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Thursday, December 15, 2016

OA: Quantifying Geographic Variation in Health Care Outcomes in the United States



open access (report)
 Quantifying Geographic Variation in Health Care Outcomes in the United States before and after Risk-Adjustment December 14, 2016

medical news (STAT)
December 15, 2016

Just in: Wide quality gap found at US hospitals 

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A landmark study reports that patients in the worst hospitals are three times more likely to die and 13 times more likely to experience complications than in the best.

The study, published in the journal PLOS ONE,  is the first to compare hospital performance in treating a range of medical problems. It finds that patients at low-performing hospitals are more than twice as likely to die after an acute event like a heart attack or stroke, and are nearly 20 times more likely to experience a central line infection.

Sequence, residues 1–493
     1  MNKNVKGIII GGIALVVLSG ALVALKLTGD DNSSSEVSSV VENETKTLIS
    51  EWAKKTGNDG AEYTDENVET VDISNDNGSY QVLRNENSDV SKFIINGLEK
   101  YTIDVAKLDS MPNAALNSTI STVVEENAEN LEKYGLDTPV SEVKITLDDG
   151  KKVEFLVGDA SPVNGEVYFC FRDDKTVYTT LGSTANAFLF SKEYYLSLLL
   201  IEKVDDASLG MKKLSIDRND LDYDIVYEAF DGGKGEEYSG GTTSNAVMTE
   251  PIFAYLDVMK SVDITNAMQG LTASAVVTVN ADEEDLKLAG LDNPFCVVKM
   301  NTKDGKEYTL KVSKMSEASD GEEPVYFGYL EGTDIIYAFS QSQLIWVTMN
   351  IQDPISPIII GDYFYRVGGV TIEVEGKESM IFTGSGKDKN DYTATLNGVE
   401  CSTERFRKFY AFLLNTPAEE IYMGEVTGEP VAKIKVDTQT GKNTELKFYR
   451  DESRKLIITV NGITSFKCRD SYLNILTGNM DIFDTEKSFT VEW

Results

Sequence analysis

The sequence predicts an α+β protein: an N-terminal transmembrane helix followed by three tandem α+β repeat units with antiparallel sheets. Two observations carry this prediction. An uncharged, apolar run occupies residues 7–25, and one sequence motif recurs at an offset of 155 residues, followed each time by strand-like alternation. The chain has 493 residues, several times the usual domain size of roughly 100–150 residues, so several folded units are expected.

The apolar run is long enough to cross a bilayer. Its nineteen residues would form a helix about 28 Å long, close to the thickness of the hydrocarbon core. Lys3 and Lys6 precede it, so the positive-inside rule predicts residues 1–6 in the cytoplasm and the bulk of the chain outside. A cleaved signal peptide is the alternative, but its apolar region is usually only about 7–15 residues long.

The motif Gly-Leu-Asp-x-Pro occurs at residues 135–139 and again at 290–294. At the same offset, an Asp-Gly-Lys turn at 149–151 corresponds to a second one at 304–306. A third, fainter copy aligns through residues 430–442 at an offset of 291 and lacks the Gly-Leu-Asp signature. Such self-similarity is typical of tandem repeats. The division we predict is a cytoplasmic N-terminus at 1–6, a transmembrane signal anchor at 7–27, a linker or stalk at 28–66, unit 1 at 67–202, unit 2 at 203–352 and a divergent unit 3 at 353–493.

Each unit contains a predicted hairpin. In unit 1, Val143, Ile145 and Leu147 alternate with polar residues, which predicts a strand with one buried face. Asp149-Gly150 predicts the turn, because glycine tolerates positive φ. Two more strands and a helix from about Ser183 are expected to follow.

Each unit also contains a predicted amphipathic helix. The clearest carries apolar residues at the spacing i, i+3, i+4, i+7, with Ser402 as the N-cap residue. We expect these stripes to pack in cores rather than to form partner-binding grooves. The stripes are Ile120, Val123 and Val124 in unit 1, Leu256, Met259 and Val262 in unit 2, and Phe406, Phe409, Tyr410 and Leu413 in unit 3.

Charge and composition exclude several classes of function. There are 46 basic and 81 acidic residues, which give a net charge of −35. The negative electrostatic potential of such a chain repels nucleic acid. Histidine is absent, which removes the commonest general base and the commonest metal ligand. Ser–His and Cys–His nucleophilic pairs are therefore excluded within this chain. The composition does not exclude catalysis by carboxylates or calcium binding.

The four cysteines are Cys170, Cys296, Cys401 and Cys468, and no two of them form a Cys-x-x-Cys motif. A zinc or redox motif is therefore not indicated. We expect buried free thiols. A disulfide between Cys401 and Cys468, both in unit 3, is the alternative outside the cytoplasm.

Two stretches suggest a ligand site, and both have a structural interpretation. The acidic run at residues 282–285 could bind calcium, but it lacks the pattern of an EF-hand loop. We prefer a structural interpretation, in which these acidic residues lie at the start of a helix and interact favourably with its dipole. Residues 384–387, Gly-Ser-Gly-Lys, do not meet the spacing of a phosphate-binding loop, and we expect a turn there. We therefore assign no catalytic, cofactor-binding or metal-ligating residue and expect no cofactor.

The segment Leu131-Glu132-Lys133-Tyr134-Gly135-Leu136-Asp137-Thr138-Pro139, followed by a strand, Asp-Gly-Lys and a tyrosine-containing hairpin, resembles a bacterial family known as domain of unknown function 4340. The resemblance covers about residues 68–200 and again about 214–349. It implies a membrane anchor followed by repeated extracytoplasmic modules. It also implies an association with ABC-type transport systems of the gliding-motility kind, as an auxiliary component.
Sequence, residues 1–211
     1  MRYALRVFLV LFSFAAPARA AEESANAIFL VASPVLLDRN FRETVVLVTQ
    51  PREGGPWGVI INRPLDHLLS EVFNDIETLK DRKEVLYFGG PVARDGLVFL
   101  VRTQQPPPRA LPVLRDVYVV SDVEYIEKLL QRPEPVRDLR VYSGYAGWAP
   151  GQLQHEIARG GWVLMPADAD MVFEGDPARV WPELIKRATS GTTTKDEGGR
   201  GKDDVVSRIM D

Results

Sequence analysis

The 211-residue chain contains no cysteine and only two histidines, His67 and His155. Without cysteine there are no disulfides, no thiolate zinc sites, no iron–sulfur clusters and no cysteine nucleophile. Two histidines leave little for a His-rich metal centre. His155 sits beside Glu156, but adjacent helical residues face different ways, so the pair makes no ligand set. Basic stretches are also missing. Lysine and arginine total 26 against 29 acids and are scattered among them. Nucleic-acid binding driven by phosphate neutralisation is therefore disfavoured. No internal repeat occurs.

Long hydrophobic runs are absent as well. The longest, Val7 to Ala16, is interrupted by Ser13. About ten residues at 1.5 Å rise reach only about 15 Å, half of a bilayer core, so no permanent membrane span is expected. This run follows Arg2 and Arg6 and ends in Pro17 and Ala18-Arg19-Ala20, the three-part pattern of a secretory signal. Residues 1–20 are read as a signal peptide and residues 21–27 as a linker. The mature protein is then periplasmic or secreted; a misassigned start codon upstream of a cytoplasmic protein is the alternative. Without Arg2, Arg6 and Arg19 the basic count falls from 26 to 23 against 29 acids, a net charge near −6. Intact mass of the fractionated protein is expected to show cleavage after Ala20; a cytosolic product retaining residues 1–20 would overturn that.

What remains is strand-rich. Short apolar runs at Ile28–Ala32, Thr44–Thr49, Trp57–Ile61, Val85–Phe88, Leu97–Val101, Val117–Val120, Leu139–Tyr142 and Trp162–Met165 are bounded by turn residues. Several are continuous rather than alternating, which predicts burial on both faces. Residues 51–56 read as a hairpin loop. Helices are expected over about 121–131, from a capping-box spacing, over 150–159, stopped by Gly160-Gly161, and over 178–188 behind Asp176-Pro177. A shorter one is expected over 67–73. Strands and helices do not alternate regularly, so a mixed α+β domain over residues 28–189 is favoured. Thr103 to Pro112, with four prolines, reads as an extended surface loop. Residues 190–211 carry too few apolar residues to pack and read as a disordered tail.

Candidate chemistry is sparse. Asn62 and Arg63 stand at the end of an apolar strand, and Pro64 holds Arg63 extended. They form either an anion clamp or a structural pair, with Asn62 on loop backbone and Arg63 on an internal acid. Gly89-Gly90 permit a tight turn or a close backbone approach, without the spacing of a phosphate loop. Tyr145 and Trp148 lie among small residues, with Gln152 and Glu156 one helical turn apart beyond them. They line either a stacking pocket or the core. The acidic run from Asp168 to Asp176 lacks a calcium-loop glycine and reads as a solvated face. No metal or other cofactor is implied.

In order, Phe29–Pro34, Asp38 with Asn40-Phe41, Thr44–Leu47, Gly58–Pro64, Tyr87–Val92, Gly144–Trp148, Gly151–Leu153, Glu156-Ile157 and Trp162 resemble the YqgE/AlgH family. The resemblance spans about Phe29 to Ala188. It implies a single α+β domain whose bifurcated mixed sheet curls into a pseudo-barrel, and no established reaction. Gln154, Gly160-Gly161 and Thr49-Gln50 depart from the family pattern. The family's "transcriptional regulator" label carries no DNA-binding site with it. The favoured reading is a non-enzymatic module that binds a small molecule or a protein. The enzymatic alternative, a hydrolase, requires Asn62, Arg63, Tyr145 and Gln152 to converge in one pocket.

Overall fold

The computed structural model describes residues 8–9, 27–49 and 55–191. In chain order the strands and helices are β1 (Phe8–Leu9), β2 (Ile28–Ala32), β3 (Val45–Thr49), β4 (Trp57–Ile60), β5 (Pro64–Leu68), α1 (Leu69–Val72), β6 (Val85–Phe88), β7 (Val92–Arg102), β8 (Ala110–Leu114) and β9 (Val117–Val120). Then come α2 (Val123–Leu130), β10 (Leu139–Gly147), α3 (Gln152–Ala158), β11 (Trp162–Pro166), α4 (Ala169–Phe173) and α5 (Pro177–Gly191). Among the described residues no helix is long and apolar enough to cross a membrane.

The report offered at least one surprise: Some of the highest performers served mostly low-income, minority patients, while some poor performers operated in largely white, high-income areas, STAT's Bob Tedeschi tells us.

But the study omits the detail most critical to patients: hospital names. It was based on the records of more than 22 million patients who got care in 18 states in 2011, but some details were subject to a confidentiality agreement. Researchers are hoping the study will prompt hospitals to publicly disclose more of their performance data, so patients can make better choices.
 

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